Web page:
Print stylesheets

There’s an interesting thread going on just now on the Information Architecture Institute mailing list about print-specific (CSS) style sheets.

The conversation seems to be heading along two paths: Should you offer:

  1. a “print page” link or button?
  2. a print-specific CSS stylesheet?

1. Print page link or button

I remember working with a client a few years ago who insisted on my providing a “print this page” link, with appropriate printer icon. “There is absolutely no way that I can print the page otherwise!” she insisted. She didn’t realise that her browser had a print function: as she was using Windows it could be found on the menu bar at File > Print, or by pressing Ctrl+P.

I felt uneasy about adding what I regarded as an unnecessary addition to the page, duplicating as it did the browser’s functionality. It also relied on the user having JavaScript enabled on their browser, otherwise it wouldn’t work, further adding to the user’s confusion.

I argued that what was required was better education amongst users about how to use a browser.

2. Print-specific stylesheet

“Print this page” link or button or no, the question then lies about what is presented when the page is finally sent to a printer. Do you just leave it to the screen stylesheet to dictate what is shown, or should you provide a specific print-only style?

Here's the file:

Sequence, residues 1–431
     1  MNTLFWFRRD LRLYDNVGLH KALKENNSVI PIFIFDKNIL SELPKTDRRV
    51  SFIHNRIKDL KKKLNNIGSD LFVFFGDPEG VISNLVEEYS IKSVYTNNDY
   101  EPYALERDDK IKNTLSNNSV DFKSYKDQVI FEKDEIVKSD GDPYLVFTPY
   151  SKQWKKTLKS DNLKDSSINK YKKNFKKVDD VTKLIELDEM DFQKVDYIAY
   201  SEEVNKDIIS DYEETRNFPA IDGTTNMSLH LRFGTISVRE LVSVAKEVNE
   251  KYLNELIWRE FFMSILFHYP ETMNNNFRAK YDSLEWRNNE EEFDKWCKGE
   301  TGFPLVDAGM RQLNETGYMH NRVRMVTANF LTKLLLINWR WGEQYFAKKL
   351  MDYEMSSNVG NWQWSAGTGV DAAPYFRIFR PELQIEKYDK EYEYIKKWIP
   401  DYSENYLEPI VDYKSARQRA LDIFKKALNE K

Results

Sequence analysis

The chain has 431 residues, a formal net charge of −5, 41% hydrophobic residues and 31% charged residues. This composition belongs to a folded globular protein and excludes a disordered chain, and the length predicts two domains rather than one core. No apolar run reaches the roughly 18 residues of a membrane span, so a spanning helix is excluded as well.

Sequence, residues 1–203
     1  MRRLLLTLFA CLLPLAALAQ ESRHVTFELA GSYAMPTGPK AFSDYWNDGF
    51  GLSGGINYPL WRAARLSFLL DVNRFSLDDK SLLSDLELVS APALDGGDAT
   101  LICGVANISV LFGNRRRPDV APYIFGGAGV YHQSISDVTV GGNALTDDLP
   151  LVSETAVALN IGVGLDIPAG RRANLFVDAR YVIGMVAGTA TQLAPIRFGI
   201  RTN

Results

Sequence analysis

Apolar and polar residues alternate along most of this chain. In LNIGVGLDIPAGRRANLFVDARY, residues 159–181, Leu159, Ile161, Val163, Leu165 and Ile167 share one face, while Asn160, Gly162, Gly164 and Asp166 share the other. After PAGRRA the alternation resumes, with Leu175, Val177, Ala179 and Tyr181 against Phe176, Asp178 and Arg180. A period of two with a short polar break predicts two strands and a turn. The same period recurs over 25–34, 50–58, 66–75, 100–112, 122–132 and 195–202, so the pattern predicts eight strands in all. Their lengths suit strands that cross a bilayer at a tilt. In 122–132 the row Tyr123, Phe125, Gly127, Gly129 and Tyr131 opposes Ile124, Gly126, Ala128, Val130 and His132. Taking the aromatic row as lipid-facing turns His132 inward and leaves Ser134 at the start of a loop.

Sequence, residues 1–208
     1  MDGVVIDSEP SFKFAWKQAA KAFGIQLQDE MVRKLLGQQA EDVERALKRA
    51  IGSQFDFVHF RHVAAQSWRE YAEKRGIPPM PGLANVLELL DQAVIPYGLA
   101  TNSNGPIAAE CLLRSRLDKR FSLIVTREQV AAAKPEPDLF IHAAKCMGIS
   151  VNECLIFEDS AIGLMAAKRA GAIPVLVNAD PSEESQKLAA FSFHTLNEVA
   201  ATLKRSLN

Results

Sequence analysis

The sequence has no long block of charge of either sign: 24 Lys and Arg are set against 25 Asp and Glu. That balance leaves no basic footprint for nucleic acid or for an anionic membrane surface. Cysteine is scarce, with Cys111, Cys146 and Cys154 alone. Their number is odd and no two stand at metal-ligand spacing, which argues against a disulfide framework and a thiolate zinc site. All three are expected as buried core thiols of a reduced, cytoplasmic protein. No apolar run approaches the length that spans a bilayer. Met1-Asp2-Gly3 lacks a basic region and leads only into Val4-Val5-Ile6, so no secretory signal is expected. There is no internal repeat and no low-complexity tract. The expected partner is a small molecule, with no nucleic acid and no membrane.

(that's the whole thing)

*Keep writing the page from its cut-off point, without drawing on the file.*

One contributor to the conversation had to say:

In research findings that I saw last year for a client, people (our target people, that is) still had an aversion to “just pushing print”, recalling pages that would cut-off content on the sides, etc. (Russ)

The great thing with print-specific stylesheets is that you can control exactly what is and what is not shown. You can remove navigation items (which are redundant on a 3D sheet of paper!), provide a print-relevant typeface (serif rather than sans-serif, for example), replace colour logos with mono equivalents, add link URLs to the end of each link so that hidden information isn’t lost on a print-out, etc.

However, you will still get people berating you for the fact that the printed version is totally unlike the screen version of the same page.

An opinion shared by Todd, a design researcher:

I can’t count the number of times I’ve tried to print a page, expecting to print what’s actually there (e.g. want the page as is) and got a completely different format from a print style sheet … I think you should use the print style sheet, but do your best to duplicate the web page as much as possible (e.g. only remove unnecessary navigation and footer elements, but leave the rest visually intact). (Todd)

Sabrina offered this compromise:

  1. Printer-friendly version: appears in a pop-up or in the same window (I notice that older audiences want to hit the back button in a new window, and it doesn’t always work) that calls the printer function, in case that doesn’t work, this page will also contain a print button. If you decide it’s a pop-up, it will also have a close button.
  2. CSS for print version of the page being viewed: for users who use the Print command in their browser and don’t care about printable versions (not me).

What are your thoughts, preferences and current practices?

Gareth

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